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Armored Car Robbery (1950)

Passed  -  Crime | Film-Noir | Thriller  -  8 June 1950 (USA)
7.0
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Ratings: 7.0/10 from 1,217 users  
Reviews: 33 user | 20 critic

A well-planned robbery goes awry, with tough cop Cordell in pursuit.

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Writers:

(screenplay), (screenplay), 2 more credits »
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Title: Armored Car Robbery (1950)

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Cast

Complete credited cast:
...
Lt. Jim Cordell
Adele Jergens ...
Yvonne LeDoux
William Talman ...
Dave Purvis
...
Benjamin 'Benny' McBride
Steve Brodie ...
Al Mapes
Don McGuire ...
Detective Danny Ryan
Don Haggerty ...
Detective Cuyler - Driving Final Pursuit Car
James Flavin ...
Lt. Phillips
Gene Evans ...
William 'Ace' Foster
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Storyline

Dave Purvis takes pride in being unknown to the law, though famed among fellow crooks as a planner He plots a holdup in meticulous detail; but things go wrong, a cop and two robbers are killed, and Purvis hides out with the money while Lieut. Cordell, friend of the dead cop, investigates. Purvis's new getaway plan shows promise, but may have one tiny flaw. Written by Rod Crawford <puffinus@u.washington.edu>

Plot Summary | Add Synopsis

Taglines:

THE STICK-UP THAT STUNNED THE NATION!


Certificate:

Passed | See all certifications »
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Details

Country:

Language:

Release Date:

8 June 1950 (USA)  »

Also Known As:

Armored Car Robbery  »

Company Credits

Production Co:

 »
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Technical Specs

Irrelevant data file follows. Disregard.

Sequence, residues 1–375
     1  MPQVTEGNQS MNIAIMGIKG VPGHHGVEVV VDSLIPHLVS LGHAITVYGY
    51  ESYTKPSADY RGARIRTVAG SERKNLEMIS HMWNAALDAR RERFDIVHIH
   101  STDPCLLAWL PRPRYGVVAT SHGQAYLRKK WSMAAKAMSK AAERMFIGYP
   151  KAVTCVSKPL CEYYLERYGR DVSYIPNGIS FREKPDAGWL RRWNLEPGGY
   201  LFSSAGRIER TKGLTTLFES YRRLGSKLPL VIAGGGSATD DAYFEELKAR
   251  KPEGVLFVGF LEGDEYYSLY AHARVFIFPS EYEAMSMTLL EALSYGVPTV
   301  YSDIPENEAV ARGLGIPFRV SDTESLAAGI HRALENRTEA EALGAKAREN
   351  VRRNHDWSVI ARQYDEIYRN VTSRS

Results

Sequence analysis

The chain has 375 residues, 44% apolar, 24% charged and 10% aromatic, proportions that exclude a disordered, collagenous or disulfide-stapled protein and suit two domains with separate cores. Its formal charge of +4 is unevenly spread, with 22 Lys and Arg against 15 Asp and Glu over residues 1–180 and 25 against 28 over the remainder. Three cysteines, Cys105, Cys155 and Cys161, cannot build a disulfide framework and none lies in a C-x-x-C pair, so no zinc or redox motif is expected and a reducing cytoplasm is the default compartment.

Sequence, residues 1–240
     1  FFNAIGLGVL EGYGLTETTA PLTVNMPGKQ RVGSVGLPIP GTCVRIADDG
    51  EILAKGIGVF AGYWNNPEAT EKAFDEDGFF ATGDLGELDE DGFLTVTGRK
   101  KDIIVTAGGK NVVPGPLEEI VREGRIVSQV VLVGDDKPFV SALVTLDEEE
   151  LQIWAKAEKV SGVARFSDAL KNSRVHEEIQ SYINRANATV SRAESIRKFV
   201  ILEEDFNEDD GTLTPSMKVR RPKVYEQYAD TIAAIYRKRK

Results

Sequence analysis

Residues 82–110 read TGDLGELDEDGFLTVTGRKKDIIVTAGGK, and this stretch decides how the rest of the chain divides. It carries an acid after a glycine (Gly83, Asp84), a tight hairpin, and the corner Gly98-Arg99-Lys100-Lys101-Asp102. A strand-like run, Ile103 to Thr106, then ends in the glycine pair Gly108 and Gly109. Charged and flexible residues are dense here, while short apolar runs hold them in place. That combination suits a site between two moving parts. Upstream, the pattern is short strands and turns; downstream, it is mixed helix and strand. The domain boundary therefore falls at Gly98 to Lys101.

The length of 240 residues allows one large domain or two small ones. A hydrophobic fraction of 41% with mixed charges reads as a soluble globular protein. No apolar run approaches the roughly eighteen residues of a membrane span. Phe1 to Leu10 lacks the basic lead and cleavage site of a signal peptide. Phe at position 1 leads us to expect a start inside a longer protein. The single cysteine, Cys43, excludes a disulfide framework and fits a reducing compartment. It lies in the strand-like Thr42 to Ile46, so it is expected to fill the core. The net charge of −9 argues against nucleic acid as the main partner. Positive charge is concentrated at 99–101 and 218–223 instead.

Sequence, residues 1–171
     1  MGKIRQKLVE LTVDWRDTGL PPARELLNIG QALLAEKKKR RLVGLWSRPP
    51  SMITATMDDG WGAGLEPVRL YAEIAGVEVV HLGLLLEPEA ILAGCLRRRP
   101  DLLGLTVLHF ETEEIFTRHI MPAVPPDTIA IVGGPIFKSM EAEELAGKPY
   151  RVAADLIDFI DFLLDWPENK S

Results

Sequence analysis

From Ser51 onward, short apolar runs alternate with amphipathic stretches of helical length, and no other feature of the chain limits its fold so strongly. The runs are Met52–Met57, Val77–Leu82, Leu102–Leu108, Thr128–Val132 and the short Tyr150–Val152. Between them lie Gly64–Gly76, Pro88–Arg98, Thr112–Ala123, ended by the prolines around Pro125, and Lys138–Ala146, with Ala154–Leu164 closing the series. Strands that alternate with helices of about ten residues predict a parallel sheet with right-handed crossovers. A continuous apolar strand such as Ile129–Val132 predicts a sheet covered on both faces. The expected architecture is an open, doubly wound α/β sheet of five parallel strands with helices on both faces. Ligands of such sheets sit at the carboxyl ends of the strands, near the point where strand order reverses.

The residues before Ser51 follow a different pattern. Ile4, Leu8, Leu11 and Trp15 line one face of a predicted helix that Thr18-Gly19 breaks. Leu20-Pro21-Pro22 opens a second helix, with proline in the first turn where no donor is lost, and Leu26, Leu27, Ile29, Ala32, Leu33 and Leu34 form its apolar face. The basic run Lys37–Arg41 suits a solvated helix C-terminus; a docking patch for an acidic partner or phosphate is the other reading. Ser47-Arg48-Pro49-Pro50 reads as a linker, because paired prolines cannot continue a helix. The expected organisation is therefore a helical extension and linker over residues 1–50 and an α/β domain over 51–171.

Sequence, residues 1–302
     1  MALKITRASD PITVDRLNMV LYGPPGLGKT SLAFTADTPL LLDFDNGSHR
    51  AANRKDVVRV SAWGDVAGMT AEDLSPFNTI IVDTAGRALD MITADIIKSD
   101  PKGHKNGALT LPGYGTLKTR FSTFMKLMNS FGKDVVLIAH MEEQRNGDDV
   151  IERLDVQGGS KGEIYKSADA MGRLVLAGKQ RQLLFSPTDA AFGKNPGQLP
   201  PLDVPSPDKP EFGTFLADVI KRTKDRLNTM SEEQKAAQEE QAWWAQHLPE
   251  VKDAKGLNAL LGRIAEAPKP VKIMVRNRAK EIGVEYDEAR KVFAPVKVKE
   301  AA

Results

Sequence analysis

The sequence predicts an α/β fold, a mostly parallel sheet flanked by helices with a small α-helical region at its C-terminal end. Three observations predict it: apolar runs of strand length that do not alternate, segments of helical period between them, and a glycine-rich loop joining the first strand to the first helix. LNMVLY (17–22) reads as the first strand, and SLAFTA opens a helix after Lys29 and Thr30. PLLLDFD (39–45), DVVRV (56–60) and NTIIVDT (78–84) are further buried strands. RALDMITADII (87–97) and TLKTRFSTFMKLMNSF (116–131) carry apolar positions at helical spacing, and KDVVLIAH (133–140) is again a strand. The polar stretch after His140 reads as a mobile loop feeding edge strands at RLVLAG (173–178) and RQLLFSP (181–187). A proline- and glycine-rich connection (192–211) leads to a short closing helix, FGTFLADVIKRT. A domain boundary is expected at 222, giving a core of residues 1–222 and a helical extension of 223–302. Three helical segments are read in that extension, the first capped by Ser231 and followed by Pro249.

Runtime:

Sound Mix:

(RCA Sound System)

Aspect Ratio:

1.37 : 1
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Did You Know?

Quotes

Dave Purvis: If anything goes wrong, I'll call yuh.
Dave Purvis: I'll have aa new number.
Benjamin 'Benny' McBride: You're ginna move again?
Dave Purvis: Yeah, tonight. The Valley Motor Court... Sunset 7-2131. I'm registered under the name of Martin Bell.
Dave Purvis: [Seeing bnny start to write the number down on a matchbook] Don't write that down!
Benjamin 'Benny' McBride: I don't wanna forget it. You move so often.
Dave Purvis: I don't like things written down! I don't like it! Memorize it! Sunset 7 - 2131!
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Connections

Featured in Palookaville (1995) See more »

Soundtracks

A Lovely Way to Spend an Evening
(uncredited0
Music by Jimmy McHugh
Lyrics by Harold Adamson
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User Reviews

 
Lean, hard programmer shows Fleischer's talents best
22 June 2002 | by (Western New York) – See all my reviews

Richard Fleischer's Armored Car Robbery is a lean little heist thriller, from which Stanley Kubrick apparently borrowed a thing or two six years later for The Killing. In a refreshing preview of truth in packaging, the title pretty much sums it up: it's the few-frills story of a criminal gang who knocks over a payroll truck at Los Angeles' Wrigley Field, followed by the inevitable falling out of thieves and their pursuit by John Law.

Coming together are several of the second string of noir actors. Charles McGraw stays as gruff as a minion of the law as he was as a menace to society; he takes the heist heavily because his partner was killed in the shoot-out. Leader of the gang is ruthless William Talman, who starred in almost as many noirs as Raymond Burr, for whom he was to co-star in the Perry Mason television franchise; while falling just shy of Burr's opulent evil, he could seed a few nightmares himself. And bringing up the distaff side is tough blonde Adele Jergens, here a `Burly-Q' headliner who never seems to lose her heavy white stole. She's making hay with Talman even though her older husband, on his uppers, also dies as a result of the truck robbery (when he pleads for a doctor for his gunshot wound, Talman shoots him, muttering his mantra `No loose ends').

Fleischer, son of legendary animator Max, was not one of the poets of the noir cycle but a wrap-it-up director with a racing pulse; The Narrow Margin (also starring McGraw) remains his best-known film. In later years he directed a number of big action pictures, few of any real distinction. His metier was probably these brief, shoestring programmers, because bigger budgets and longer running times slowed him up and made him ponderous (viz. Tora! Tora! Tora!). Armored Car Robbery endures as a testament to how good he was with the swift and blunt approach.


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